Around the Wire: Who Gets a Press Pass, Building a Business versus a Blog, and More Media News
Welcome to the latest installment of Around the Wire, PR Newswire’s round-up of journalism, blogging, and freelancing news from the past week.
1. ‘Who Gets a Press Pass?’: 5 Media Credentialing Challenges (College Media Matters)
Earlier this month, the Digital Media Law Project released its study on media credentialing practices in the United States. College Media Matters’ Dan Reimold reviews some of the study’s findings from the viewpoint of college journalists and the challenges they face when seeking press passes.
2. The 10 Trends the News Business Can’t Afford to Ignore (PBS MediaShift)
The World Editors Forum interviewed more than 30 editors in a dozen countries to compile its list of the top newsroom trends for 2014. The threat that mass state surveillance poses to investigative journalism, the impact of Google Glass and other wearables on mobile strategy, and native advertising’s ethical challenges were a few of the trends that made the list. See the full list on PBS MediaShift for other issues newsrooms need to resolve in order to succeed.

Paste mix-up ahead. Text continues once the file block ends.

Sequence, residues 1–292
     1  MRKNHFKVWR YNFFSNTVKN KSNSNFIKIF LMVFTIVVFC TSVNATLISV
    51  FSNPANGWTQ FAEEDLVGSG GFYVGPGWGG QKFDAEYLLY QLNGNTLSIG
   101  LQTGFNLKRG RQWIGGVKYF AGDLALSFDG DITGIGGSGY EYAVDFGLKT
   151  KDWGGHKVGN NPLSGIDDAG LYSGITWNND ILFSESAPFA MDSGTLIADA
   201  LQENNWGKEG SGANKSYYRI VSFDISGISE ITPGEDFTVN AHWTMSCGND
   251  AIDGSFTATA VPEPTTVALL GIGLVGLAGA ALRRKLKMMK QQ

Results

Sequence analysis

3. The Crucial Difference Between Building a Blog and Building a Business (Daily Blog Tips)
“If you’re building a blog and you want to make money, then you’re focusing on the wrong thing,” writes Ali Luke on Daily Blog Tips. Instead of viewing your blog as your business, view it as a marketing tool for your business, be that freelance writing, coaching, or wherever else your entrepreneurial interests lead you.
During their 21 months in Project Thunderdome’s digital-first newsroom, Tom Meagher and his colleagues had to learn how to report and deliver the news in new ways – gaining valuable coding and design experience. However, looking back he realized the biggest lessons were cultural – lessons that traditional newsrooms can benefit from as they make the unavoidable transition to digital.
5. The Newsonomics of Time Inc.’s Anxious Spinoff (Nieman Journalism Lab)
Time Inc. returned to its roots this week after former parent company Time Warner spun off the magazine into a standalone company. What’s next for the magazine and how will its strategy need to change? In the latest installment of his Newsonomics series, Ken Doctor looks at the key players at Time and the factors that will determine its success.
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